This exercise in mainstream masochism, macho posturing, and designer-grunge fascism (1999) is borderline ridiculous. But it also happens to be David Fincher’s richest movie—not only because it combines the others (Alien 3, Seven, The Game) with chunks of Performance, but also because it keeps topping its own giddy excesses. Adapted by Jim Uhls from Chuck Palahniuk’s novel, this has something—but only something—to do with a bored Edward Norton encountering a nihilistic doppelganger (Brad Pitt) who teaches him that getting your brains bashed out is fun. Though you’re barely allowed to disagree with him, your jaw is supposed to drop with admiring disbelief at the provocation, and the overall impression of complexity might easily be mistaken for the genuine article. In other words, this is American self-absorption at its finest. With Helena Bonham Carter, Meat Loaf, and Jared Leto. 139 min.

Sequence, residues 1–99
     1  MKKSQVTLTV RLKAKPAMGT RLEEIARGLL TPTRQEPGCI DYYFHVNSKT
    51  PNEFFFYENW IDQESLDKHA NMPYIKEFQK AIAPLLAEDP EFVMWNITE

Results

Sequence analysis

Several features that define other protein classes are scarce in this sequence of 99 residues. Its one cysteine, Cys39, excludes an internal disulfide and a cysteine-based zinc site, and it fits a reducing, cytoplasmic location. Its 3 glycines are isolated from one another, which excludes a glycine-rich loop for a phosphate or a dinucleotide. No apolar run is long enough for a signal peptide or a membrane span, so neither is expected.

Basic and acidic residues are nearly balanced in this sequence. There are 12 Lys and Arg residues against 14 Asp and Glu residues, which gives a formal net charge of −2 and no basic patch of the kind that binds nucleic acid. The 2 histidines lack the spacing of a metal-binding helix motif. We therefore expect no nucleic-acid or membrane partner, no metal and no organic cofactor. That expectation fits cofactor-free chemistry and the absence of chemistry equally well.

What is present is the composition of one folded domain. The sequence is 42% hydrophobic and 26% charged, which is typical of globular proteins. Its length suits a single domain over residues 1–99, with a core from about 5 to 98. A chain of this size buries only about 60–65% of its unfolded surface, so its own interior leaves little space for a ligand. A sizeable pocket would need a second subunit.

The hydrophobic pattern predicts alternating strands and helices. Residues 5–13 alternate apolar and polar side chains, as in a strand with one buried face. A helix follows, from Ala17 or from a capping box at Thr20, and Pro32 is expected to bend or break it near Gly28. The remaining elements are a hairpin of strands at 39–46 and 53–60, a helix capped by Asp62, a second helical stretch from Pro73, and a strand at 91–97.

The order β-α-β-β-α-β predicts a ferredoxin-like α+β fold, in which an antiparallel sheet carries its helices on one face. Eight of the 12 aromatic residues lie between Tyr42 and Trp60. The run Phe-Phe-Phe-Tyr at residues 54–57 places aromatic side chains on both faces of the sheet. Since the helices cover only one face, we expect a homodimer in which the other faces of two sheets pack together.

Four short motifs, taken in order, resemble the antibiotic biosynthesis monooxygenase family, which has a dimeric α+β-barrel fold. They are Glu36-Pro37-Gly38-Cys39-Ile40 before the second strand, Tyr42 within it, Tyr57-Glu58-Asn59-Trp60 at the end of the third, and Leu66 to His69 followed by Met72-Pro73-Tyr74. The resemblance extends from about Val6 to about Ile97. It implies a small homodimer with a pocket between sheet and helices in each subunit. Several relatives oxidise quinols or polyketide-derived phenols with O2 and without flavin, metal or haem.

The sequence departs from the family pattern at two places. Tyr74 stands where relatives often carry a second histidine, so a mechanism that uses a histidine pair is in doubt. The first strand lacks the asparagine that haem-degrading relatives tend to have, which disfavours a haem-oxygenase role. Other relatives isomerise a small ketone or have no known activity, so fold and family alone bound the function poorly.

Both Jonathan Rosenbaum and I and many others I’m sure consider Dave Kehr the absolute master of the short-form review, but this capsule by Rosenbaum on Fight Club is probably my all-time favorite. Much of my appreciation for it has to do with how gracefully he moves between describing, mocking, and praising the movie; it’s hard to tell if he even likes it ultimately but he manages to cover all the bases for what was and I assume still is a very divisive film. Every little nugget here, from the taut predicates in the beginning to the final pronouncement, is more affording than the majority of full-length reviews, and the shifts in perspective still give me a head rush.